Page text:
Japanese political leaders adopt proposals for multilateral approach to addressing new coronavirus, climate change, nuclear armament expansion and other global threats and challenges (12/10/2020)

2020-10-12

The Parliamentary Committee of the Japanese Diet for World Federalist Movement mandated the Japan Commission on Global Governance (JCGG) to address global issues and crises such as security, disarmament, global environment, public health, development and poverty eradication, human rights and the rule of law and make recommendations regarding the role Japan should play in global governance in the post-COVID-19 era. Please click here for the report of the Commission and the debate that took place in the Parliamentary Committee.

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David Chikvaidze on the Past, Present and Future of Multilateralism (04/08/2020)

2020-08-04

Chef de Cabinet to the Director-General, United Nations Office at Geneva David A. Chikvaidze asserts that we are on the verge of blundering into something far more devastating than the world has experienced before for a variety of reasons, not least among them, rapidly deteriorated relations among the most heavily armed and powerful States through the deliberate dismantling of disarmament commitments, a climate crisis wreaking havoc around the world, intrastate and regional armed conflicts threatening millions, dire poverty in large parts of the world, refugee flows at record levels, rampant inequality both between and within countries, escalating disputes over trade, sky-high debt, threats to the rule of law, attacks on the media and civil society resulting in mistrust among peoples, countries, communities and societies. Add to these, Chikvaidze points out that the ‘game-changing’ COVID-19 pandemic and what the world has before it, is a stage set for planetary calamity. In this fast-changing environment, new diplomatic policies and practices based on the principles of solidarity and inclusiveness are urgently needed, bringing together all relevant actors, from civil society, think tanks, academia to regional development banks. The collective response has an uneven record, with tensions often undermining the effectiveness of multilateral decision-making processes. But the world needs to be optimistic and hopeful. He advises that we should pull back from the precipice in time. Modern multilateralism is the only way to do this. Please click here for the full text of his paper published by Cadmus, Volume 4, Issue 2-Paln 2 – June 2020.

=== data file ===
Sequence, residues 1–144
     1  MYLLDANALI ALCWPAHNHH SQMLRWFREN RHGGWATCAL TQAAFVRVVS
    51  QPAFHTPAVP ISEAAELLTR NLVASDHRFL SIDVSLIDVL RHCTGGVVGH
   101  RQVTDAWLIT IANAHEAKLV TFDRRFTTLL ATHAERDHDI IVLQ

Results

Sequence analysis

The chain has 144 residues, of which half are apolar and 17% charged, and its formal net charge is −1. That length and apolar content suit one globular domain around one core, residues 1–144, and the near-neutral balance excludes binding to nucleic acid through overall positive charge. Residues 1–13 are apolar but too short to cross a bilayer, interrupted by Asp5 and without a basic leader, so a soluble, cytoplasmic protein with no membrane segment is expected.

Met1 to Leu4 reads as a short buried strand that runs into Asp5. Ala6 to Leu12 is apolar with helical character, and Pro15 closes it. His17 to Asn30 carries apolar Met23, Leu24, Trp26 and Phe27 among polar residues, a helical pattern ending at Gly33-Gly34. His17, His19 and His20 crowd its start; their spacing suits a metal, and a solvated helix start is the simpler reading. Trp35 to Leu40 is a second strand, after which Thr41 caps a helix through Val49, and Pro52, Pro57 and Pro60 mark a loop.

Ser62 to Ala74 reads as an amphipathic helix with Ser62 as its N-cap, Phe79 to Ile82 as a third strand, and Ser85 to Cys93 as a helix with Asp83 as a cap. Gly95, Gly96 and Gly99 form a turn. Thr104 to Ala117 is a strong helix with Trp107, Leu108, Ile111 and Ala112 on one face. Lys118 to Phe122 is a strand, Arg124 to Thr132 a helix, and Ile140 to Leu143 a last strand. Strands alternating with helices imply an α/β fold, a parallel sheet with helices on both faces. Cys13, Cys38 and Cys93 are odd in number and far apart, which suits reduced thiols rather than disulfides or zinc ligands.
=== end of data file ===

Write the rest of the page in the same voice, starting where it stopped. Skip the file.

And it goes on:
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In a post-Coronavirus World, Time to Consider a United Nations Parliamentary Assembly and a World Federation

2020-06-19

As countries around the globe struggle to combat the new coronavirus pandemic, there is an urgent need for nation states to work together in handling this issue. Over 70 years ago, Albert Einstein and others developed the concept of a world federation as a remedy for dealing with such problems. In the midst of our fight against the evil of the new coronavirus, we have an opportunity to look to the future and deepen discussions toward forming a UN Parliamentary Assembly, then after that a world parliament and ultimately a world federation. Such a structure will transcend the Westphalian system of government to foster unity and cooperation between countries.

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Prime Minister Shinzo Abe’s view on COVID-19 and the role of WHO (25/05/2020)

2020-05-25

(日本語) 安倍総理大臣は、新型コロナウイルスへの対応をめぐり、米中関係の対立が深まっているなか、日本は、WHOの総会において、公平で独立した包括的な検証を行うべきであるという決議案をEUや豪州等と協力をして提出をし、米国や中国も合意したと述べた。そして、日本は自由、民主主義、基本的人権、法の支配といった普遍的な価値を共有する国々と手を携えながら、国際社会での重要な役割、責任を果たしていく意向を示した。(記者会見に関しては、首相官邸のウエッブサイトを参照して下さい。)

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[UN Official Stephen Kinloch-Pichat] Remembering UN Volunteer Atsuhito NAKATA in midst of the COVID-19 crisis by (10/04/2020)

2020-04-10

The 27th anniversary of the tragic ambush in Kampong Thom is being commemorated in midst of one of the largest planetary disasters in the last century, the COVID-19 pandemic. This extraordinary situation brings former UN Volunteer Electoral Supervisors, who on 8 April remembered the tragic killing of Atsuhito Nakata and his fellow interpreter Lek Sophiep, back to the very meaning of what took their lives, and gave them, back then, a renewed sense of optimism: at the heart of their UN engagement, what gave them the strength to continue in the face of adversity, the spirit of international cooperation, and going beyond self-interest.

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